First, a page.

Combinations of Functions (Lesson 1.6)
Unit 1  Day 9
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Day 2
Day 3
Day 4
Day 5
Day 6
Day 7
Day 8
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Day 10
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Day 12
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Learning Objectives

Interpret scenarios that require adding, subtracting, multiplying, or dividing functions

Combine standard function types using arithmetic operations.

Find the domain of a combination of functions by selecting the most restrictive domain; when two functions are divided, ensure that the denominator is not zero.
Quick Lesson Plan
Experience First
In this lesson, students consider various costs and distribution of costs to reason about arithmetic combinations of functions. Although the idea of adding (or subtracting or multiplying or dividing) functions is not novel for students, interpreting such situations in context can be more challenging. For example, in question 4, students must interpret what is meant by dividing the total cost function by the number of paying attendees. In question 2, if it does not come up naturally in student conversation, push students to consider that even though there doesn’t seem to be a cap on attendees established by the caterer, the rental space is limited, so this is the restriction that we must oblige with.
Furthermore, in question 3b and 5 students are asked to reason about how the given scenarios affect the reasonable domain of a function. While it is possible (but not probable) that the number of attendees is 12 (just the student council) and thus that the number of paying attendees is 0, this breaks down when we find the cost per paying attendee function, since we can’t divide by 0who would pay for the prom? This is meant to highlight that dividing two functions often creates additional restrictions on the domain.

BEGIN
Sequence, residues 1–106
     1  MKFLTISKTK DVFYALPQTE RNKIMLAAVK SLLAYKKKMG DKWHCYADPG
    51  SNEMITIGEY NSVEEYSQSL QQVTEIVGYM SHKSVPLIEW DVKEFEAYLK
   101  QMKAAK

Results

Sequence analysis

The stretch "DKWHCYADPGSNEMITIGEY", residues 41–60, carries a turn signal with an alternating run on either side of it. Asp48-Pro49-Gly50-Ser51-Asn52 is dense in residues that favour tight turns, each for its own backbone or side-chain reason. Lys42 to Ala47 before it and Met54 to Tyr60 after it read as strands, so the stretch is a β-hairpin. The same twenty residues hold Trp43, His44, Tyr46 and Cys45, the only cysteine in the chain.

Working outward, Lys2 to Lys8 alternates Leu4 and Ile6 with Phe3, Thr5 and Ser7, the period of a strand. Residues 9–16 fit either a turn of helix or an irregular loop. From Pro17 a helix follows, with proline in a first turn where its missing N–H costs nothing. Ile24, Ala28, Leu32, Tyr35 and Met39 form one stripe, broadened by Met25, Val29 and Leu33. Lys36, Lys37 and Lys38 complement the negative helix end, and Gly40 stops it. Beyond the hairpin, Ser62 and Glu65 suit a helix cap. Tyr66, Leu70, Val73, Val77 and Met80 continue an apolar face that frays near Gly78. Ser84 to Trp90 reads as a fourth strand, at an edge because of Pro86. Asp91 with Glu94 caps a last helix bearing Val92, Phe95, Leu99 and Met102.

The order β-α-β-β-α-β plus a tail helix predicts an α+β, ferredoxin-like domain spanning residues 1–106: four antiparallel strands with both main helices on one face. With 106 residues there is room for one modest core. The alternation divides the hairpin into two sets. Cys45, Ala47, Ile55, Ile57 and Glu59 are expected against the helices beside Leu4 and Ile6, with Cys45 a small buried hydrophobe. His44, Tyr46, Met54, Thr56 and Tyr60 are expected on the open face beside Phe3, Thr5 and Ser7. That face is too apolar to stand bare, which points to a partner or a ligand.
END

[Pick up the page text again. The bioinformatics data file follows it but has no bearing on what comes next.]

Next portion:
Formalize Later
While the idea of combining functions using the four operations is pretty intuitive for students, students sometimes struggle to see how the domain is affected in a combination, particularly in a quotient. The idea is that even though functions f and g may have certain restrictions on their domain, when dividing the two functions, particular attention must be given to confirm that the denominator function does not output a value of 0.
For sums, differences, and products, the idea of “the most restrictive domain” can be explained with an analogy. I tell students that if they are having two friends over for dinner and one is gluten free and the other is lactose intolerant, then they must work to cook food that contains neither gluten nor lactose, a requirement that is more strict than either of the individual food allergies.
In AP Calculus, it is often emphasized that all equivalent expressions are accepted. It may be advantageous to adopt this view in Precalculus as well, accepting expressions of combinations of functions where the like terms are not added, or the binomials are not multiplied out, for example.